By Dustin Hurst | Watchdog.org
IDAHO FALLS, Idaho – Bob Allpress, a farmer from the tiny Nebraska border town of Naper, isn’t dead set against the Keystone XL Pipeline, though he wishes the company behind the project, TransCanada, would take it someplace else.
“We’re not 100 percent against the pipeline,” Allpress said. “If only it were sensibly located.”
Allpress is just one property owner affected by the pipeline, a 36-inch oil conduit slated to run from eastern Alberta, Canada, to southern Texas oil refineries. He lives on more than 900 acres, ground he splits between crops – usually corn – and cows.
The pipeline, as it snakes through the ground, will also come within about 150 yards of his home. It will also come too close, he says, to a well that provides drinking water for his family and a few neighbors.
TransCanada wants to stick the pipeline right down the middle of his land, cutting the cropland and the pasture in half. The company, if it ever wins federal approval for the project, will take forever a 50-feet wide swath of land from Allpress, and an additional 60 feet span during construction to accommodate cranes, truck and digging equipment.
Once the company finishes pipeline construction, Allpress will be able to use the land again, but TransCanada reserves the right to access the pipeline in emergency circumstances.
For the inconvenience, TransCanada will pay Allpress, like others along the path, a set amount for the temporary and permanent easements, plus another sum for crop losses. The company has also offered to rent pasture land on behalf of ranchers with displaced livestock.
As the Keystone debate, more than four years old, chugs along, the nation fixates on a classic battle of Washington, D.C., powers: Republicans vs. Democrats and environmentalists vs. business.
Yet, in the Cornhusker state, the controversial project divides even deeper, splitting many residents and interested parties who would self-identify as Republicans or conservative. Many of these farmers, typically supportive of a pro-business growth agenda, seem to have one message for TransCanada: not in my backyard – or my farm, either.
“It’s the location,” Allpress says of reason for opposition to the project. He would eagerly back the project if it were routed differently – a further distance from his home and water source.
The division comes because of Nebraska Code 57-1101, the section of state law that gives TransCanada a huge stick to use during its negotiations with property owners: Eminent domain authority.
“They have eminent domain hanging over our heads,” Allpress muttered. “They’ll get us one way or the other.”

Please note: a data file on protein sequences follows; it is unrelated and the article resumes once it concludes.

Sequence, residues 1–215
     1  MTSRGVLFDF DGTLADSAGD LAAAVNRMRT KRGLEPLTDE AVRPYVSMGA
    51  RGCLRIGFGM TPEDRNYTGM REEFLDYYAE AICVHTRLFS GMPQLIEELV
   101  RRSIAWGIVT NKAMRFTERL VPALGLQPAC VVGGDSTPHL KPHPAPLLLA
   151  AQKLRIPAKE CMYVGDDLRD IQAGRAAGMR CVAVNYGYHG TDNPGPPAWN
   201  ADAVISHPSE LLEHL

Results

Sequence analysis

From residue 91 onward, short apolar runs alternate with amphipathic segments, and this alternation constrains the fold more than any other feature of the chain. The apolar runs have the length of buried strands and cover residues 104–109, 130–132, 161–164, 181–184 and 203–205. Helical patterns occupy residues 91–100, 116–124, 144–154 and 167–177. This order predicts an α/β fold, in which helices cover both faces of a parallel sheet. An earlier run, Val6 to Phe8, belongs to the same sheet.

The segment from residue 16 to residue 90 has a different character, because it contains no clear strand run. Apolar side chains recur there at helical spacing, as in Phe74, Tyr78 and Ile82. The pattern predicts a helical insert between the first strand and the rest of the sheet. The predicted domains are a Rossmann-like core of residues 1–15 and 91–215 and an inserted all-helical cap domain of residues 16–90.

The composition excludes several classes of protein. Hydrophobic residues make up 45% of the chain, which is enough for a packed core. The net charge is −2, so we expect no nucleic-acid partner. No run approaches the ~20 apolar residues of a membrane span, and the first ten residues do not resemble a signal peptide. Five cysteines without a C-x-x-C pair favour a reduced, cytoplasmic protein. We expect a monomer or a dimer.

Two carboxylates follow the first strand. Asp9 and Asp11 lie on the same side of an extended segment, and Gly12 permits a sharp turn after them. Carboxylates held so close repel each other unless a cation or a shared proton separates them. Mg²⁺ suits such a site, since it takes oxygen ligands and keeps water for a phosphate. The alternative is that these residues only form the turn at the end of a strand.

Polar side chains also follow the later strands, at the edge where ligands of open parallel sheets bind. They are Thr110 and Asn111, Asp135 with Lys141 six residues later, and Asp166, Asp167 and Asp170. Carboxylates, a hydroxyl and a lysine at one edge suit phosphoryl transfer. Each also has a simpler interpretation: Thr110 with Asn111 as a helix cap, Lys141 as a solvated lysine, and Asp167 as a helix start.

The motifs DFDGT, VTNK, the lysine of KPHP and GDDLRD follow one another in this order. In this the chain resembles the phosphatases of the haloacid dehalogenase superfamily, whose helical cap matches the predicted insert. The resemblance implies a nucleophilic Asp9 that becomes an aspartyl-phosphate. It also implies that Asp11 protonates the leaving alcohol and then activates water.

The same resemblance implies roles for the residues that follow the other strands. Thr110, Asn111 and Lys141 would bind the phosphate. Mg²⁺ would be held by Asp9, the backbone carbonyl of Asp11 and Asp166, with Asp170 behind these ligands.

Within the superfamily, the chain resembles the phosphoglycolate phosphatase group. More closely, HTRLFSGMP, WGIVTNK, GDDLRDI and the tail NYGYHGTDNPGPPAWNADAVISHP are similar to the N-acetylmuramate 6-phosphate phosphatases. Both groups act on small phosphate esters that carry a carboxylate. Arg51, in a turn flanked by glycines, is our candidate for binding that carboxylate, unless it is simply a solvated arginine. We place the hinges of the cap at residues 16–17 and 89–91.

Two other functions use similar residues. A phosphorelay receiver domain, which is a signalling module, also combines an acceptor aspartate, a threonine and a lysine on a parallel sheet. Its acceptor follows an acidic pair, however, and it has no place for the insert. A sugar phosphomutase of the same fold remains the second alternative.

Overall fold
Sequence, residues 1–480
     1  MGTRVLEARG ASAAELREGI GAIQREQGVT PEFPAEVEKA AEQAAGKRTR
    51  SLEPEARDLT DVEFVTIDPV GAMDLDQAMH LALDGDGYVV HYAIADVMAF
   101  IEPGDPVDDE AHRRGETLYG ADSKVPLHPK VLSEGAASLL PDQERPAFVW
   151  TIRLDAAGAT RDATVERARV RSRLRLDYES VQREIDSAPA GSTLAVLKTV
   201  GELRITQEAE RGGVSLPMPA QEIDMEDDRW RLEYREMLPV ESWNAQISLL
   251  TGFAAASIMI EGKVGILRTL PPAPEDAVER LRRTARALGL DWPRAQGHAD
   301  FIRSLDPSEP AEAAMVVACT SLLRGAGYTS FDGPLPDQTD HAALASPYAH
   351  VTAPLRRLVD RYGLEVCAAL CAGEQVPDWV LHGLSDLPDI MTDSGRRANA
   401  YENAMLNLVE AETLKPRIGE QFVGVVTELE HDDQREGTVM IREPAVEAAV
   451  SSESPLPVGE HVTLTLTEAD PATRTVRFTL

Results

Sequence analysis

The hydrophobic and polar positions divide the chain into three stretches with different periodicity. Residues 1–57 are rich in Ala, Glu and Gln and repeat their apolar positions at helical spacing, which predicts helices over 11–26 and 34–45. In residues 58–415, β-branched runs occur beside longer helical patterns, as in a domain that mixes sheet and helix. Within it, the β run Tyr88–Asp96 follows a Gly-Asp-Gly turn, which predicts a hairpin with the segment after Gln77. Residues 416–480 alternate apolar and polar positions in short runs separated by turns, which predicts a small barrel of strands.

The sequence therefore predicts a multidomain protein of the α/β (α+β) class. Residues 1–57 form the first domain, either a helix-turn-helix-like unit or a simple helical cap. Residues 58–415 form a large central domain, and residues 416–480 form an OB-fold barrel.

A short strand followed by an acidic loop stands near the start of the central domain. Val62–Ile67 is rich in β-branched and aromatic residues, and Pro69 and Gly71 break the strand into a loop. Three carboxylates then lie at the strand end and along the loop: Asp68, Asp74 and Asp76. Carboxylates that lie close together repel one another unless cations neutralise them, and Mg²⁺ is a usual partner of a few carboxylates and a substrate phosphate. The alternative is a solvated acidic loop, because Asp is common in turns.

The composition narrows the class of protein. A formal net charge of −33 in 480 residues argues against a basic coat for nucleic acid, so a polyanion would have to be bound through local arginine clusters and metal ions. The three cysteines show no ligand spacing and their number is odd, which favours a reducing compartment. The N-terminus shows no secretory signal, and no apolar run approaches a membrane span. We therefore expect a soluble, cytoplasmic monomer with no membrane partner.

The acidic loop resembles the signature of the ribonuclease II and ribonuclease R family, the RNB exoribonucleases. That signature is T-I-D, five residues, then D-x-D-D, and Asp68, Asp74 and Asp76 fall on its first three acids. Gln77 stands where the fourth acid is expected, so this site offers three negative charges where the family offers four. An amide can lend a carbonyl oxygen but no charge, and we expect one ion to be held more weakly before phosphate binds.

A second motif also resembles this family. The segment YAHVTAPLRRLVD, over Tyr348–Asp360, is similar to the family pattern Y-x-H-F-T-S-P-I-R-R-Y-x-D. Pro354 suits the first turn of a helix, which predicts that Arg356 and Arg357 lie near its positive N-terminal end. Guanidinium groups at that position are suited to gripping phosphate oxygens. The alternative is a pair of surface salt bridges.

The company isn’t afraid to flash the authority, as it revealed in a July 2012 letter to a Central City, Neb., landowner.
“While we hope to acquire this property through negotiation, if we are unable to do so, we will be forced to invoke the power of eminent domain and will initiate condemnation proceedings against this property promptly after the expiration of this one month period,” a TransCanada senior land coordinator wrote.
TransCanada did not return an email request for comment on the story.
The situation has many affected Cornhuskers wondering: Why does a private company have state-granted power to take my land?
The answer: pufferbellies.
Christopher Burch, a constitutional lawyer for the 1851 Center for Constitutional Law in Ohio, says a natural evolution occurred in the last century that allow for pipeline companies to use eminent domain. “It’s all derived from railroads,” he explained.
Here’s Burch’s explanation of the progression: In the early 1900s, railroads, holders – and often abusers – of eminent domain authority, hauled oil across the countryside. Businesses, seeing pipelines as a safer and ultimately cheaper alternative, lobbied governments to extend the same privileges to pipelines.
Intelligent minds disagree about the rightfulness of delegating that power to pipeline companies, though.
Maurice Thompson, a constitutional lawyer and executive director for 1851, believes the pipeline companies shouldn’t have power to condemn land for their own use. The reason? The public doesn’t use the pipeline, a classical argument of eminent domain.
“The use of property has to be by the government,” he explained. “The Constitution requires public use, not public benefit.
Scholars on the subject generally agree that justification for eminent domain use has broadened widely in the past century, sliding from public use to public purpose to public benefit. Public use, for example, means taking land for roads and bridges. Public benefit, in the vastly expanded understanding, might mean condemning a less valuable property in favor a development that will create jobs or greater tax revenue.
Thompson wonders if the Keystone, which makes no stops in the Nebraska, even directly benefits the state under the widened scope of eminent domain powers. “Does it service anybody in the state, much less everybody?” Thompson asked.
Bill Blake, an attorney with Baylor Evnen Law Firm in Lincoln, Neb., says because the line transports oil, a product always in demand, it clears the public-benefit threshold. He also notes that Keystone will generate millions in new revenue for local taxing entities, including school districts who, he says, are “thrilled to receive it.”